Trump Is Changing the Political Game In New Ways, and His Supporters Love It
Trump Is Changing the Political Game In New Ways, and His Supporters Love It

By Terri Wu, Jackson Richman and Nathan Worcester

Holding a pair of golden sneakers, former President Donald Trump took to the stage to give a different kind of campaign speech.

“I’ve wanted to do this for a long time. I think it’s gonna be a big success,” he said as he introduced his new official sneaker line at Sneaker Con in Philadelphia on Feb. 17.

The high tops he debuted featured an all-gold body embossed with a “T” on the side, an American flag collar, and white and red soles.

“We have to go out and vote. We have got to get young people out to vote,” he said.

It was an unprecedented move—launching a sneaker line for his personal enterprise and soliciting votes for his presidential campaign at the same time.

By doing that, he was converging the identities of Trump the celebrity and Trump the candidate. While Democrat and independent voters scoffed at it as a “joke,” they told The Epoch Times that they expect the MAGA base to follow along, and they were correct.

“I would support anything he wants to do to acquire money to fight the illegal lawsuits that have been brought against him,” Stephen Robinson from Virginia told The Epoch Times at the 2024 Conservative Political Action Conference (CPAC), a major gathering of Trump supporters. 

The cumulative legal judgments against President Trump stand at about half a billion, including a $355 million fine handed down the day before the sneaker launch.

Mr. Robinson said he would love to have a pair of Trump sneakers, but not at the high prices listed in the secondary market after the limited edition of 1,000 pairs up for presale sold out at $399 a pop. One pair is listed on eBay for $45,000.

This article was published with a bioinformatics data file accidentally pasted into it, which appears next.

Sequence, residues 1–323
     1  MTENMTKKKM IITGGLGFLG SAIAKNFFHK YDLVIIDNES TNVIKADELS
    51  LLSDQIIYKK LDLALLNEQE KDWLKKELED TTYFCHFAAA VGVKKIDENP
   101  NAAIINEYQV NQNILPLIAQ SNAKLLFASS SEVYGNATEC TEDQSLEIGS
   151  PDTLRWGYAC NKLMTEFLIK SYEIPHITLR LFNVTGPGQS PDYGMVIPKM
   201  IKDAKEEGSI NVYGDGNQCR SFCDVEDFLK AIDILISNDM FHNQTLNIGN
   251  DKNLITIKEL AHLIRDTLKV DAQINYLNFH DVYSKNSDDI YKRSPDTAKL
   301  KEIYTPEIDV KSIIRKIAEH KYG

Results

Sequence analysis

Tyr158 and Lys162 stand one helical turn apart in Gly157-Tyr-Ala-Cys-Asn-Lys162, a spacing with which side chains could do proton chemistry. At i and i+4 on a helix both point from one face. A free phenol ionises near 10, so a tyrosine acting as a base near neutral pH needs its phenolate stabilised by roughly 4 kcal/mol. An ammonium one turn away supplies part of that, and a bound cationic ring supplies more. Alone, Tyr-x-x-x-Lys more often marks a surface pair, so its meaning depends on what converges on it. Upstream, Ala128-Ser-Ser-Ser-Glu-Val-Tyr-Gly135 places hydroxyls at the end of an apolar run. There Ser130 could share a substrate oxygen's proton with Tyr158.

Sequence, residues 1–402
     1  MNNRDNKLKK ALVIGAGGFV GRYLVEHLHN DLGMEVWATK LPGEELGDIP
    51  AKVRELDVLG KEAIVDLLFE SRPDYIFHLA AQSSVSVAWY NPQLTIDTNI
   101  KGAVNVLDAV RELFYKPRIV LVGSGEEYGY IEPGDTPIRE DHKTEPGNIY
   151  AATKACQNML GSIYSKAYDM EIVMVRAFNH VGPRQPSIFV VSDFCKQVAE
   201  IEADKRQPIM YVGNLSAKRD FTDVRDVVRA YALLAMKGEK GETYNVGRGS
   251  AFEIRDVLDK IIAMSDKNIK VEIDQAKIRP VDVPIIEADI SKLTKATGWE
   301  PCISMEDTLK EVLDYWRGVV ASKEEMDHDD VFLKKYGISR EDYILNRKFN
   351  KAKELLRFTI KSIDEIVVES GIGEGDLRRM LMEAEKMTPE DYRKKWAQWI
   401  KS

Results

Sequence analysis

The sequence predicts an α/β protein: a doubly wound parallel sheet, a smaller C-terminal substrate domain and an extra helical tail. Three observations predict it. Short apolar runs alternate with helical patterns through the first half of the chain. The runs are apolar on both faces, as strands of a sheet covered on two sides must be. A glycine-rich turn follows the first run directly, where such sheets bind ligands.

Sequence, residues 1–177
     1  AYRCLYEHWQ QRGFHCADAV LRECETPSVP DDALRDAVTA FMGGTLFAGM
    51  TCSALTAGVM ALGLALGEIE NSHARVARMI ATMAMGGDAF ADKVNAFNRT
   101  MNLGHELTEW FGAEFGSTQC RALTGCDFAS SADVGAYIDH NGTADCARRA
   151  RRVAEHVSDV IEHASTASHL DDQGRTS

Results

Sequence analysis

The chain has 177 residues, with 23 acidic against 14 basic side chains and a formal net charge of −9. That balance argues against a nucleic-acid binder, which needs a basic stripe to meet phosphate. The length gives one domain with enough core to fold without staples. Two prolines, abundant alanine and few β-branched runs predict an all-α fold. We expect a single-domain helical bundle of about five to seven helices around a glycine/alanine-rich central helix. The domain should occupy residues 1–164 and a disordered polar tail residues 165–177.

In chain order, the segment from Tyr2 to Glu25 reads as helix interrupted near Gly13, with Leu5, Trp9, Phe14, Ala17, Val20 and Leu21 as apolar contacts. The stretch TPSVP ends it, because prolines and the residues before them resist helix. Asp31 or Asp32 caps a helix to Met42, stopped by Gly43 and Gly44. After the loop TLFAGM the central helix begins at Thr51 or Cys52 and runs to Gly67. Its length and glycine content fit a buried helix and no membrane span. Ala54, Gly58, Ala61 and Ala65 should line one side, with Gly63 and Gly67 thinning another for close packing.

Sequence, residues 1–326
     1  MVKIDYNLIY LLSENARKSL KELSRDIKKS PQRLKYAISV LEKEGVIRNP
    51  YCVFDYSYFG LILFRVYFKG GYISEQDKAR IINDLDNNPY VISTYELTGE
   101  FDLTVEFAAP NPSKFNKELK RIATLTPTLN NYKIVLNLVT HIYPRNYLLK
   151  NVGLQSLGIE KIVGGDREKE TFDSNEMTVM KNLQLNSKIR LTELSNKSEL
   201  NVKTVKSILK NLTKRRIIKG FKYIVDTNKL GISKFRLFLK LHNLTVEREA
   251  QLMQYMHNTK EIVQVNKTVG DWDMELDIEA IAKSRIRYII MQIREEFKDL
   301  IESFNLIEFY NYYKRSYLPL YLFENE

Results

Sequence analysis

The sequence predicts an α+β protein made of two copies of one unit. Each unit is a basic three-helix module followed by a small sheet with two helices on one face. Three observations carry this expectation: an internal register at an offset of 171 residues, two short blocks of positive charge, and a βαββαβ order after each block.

He said paying for Trump products is no different than supporting the Trump campaign because a Trump presidency is the solution he needs.

“I would stop being depressed every day and worried about the future of the country and worried about my daughter’s future,” Mr. Robinson said. 

“Ten grand” for Trump products is how much he said he’s ready to pay. “That’s what we’re gonna end up giving him between now and November.”

Stephen Robinson, a Trump supporter, attends the Conservative Political Action Conference in National Harbor, Md., on Feb. 23, 2024. (Jackson Richman/The Epoch Times)

Monetizing Votes

Within hours of the sneaker launch, the sales website announced that “The Never Surrender Hi-Top Sneakers” were sold out. The website is still selling two other styles for $199 apiece, a red-and-silver T-Red Wave and a white-and-gold POTUS 45.

Although presidential merchandise has been around for decades, a candidate selling products during his political campaign is an unfamiliar scene.

For the general public, the political world and the commercial world have largely remained separate.

“I am unaware of any former president who has actively turned to merchandizing to support either himself personally or his own legal defense,” Russell Riley, a professor and co-chair of the presidential oral history program at the University of Virginia, told The Epoch Times.